BASC has written to the Chief Constable of Lincolnshire Police to seek clarification of the force’s position on the medical involvement in firearms licensing following comments made on the BBC’s Countryfile programme.

During the programme, a senior officer from the force insisted Lincolnshire would now operate a licensing process which falls outside guidelines issued by the Home Office in April 2016.

Bill Harriman, BASC’s director of firearms, said: “Comments made by Lincolnshire Police’s representative on the programme are not in line with Home Office guidance on firearms law.

“I have written to the Chief Constable, Bill Shelly, to request clarification of the force’s position. We are available to assist the force with any advice and clarification on the Home Office guidance.

“If the comments made on the programme regarding an insistence on a medical report for every grant or renewal do indeed reflect force policy, we would strongly urge Lincolnshire Police to reconsider.”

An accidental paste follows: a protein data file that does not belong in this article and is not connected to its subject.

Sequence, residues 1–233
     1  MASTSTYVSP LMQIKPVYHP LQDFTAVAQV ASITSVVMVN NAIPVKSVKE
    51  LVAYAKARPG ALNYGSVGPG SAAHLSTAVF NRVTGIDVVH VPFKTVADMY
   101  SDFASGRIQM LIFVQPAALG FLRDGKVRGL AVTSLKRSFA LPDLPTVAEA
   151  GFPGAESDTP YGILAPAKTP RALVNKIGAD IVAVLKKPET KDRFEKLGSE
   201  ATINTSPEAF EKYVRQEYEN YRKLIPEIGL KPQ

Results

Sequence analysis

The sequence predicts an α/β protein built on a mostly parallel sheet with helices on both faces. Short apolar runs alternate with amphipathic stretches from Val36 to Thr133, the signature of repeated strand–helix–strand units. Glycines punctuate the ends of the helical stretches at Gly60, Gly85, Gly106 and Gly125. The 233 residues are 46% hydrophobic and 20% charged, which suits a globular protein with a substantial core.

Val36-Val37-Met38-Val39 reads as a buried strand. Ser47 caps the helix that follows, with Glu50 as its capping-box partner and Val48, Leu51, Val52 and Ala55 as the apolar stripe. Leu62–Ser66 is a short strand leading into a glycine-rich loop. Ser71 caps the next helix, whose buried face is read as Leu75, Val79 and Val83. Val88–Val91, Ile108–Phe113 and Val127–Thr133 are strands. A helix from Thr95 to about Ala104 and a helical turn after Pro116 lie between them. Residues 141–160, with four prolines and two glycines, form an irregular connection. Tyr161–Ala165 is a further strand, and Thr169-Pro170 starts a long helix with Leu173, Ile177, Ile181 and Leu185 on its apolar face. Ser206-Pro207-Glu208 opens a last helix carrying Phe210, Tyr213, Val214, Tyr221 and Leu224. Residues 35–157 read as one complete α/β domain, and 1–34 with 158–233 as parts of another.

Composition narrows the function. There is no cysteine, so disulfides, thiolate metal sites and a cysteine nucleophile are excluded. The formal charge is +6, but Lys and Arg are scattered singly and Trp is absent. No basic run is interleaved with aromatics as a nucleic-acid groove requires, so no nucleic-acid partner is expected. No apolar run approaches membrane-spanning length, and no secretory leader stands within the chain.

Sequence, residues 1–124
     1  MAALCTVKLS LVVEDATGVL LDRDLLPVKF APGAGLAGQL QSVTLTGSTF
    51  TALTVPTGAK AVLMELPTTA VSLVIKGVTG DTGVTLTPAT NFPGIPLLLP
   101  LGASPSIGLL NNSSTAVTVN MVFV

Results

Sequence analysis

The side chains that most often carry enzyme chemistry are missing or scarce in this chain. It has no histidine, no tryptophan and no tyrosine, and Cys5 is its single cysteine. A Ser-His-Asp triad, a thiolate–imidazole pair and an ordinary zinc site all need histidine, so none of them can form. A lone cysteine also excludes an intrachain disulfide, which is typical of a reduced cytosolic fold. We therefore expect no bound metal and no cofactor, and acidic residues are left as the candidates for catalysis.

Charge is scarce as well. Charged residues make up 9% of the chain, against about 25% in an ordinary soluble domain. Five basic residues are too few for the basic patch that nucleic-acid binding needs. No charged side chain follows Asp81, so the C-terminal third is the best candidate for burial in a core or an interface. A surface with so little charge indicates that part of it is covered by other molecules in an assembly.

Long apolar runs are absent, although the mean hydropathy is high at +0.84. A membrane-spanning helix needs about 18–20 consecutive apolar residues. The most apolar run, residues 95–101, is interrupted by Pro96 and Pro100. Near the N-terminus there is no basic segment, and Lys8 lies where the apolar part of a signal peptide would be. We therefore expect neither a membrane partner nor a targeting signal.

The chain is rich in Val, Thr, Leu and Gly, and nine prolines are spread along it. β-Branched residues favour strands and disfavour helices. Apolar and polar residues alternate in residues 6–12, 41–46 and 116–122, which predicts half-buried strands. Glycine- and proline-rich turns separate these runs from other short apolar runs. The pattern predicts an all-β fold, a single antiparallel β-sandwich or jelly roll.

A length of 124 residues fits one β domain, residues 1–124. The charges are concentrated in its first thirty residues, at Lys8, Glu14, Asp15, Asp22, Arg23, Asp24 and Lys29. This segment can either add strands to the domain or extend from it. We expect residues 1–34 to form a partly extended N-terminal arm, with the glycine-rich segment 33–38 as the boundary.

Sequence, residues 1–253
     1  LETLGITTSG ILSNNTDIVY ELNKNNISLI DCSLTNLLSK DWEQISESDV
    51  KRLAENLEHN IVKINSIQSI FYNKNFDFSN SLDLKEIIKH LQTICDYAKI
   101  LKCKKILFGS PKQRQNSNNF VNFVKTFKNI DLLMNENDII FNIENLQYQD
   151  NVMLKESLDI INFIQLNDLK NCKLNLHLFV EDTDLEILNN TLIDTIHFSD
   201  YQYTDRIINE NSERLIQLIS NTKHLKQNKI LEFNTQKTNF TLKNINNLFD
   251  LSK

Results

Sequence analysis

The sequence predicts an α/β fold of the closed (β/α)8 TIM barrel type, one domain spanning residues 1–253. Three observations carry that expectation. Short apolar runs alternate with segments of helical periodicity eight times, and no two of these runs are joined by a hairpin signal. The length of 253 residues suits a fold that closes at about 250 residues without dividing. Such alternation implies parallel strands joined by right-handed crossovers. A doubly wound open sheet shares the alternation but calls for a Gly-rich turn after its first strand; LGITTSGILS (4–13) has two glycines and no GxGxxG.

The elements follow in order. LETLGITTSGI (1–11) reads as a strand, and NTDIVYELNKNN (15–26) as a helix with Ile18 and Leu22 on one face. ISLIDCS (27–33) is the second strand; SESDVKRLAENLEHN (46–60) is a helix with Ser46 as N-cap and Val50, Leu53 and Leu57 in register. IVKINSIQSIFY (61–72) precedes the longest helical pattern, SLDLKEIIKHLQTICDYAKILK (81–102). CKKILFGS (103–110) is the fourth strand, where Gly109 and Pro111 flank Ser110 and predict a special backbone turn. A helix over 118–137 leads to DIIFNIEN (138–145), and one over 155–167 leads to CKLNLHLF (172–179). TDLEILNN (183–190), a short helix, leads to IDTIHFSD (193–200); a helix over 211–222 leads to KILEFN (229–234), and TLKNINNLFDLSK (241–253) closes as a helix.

BASC advised the BBC extensively prior to Sunday’s episode after making the broadcaster aware of escalating problems for the association’s members in Lincolnshire following repeated changes in the advice issued by the British Medical Association (BMA) to GPs.

Mr Harriman added: “BASC provided the BBC with a member in Lincolnshire who was happy to be interviewed for Countryfile to explain the difficulties he was having with his GP. We also helped with the BBC’s wider research for the programme and pointed them towards key national contacts in the police.

“As the UK’s largest shooting organisation, we have challenged the BMA and GPs from the moment it became obvious the BMA were backtracking on agreements which formed part of the medical scheme introduced in 2016.

“This is an issue throughout the country, not just in Lincolnshire, and BASC is pleased that by encouraging Countryfile to take up the story, the problems facing the shooting community have now received further national exposure.”

Garry Doolan

Garry Doolan is BASC’s deputy director of communications and public affairs. He has more than 20 years experience of journalism and the media. He joined the organisation in 2016 and is a keen shooter and beater, with his springer spaniel Quincy.

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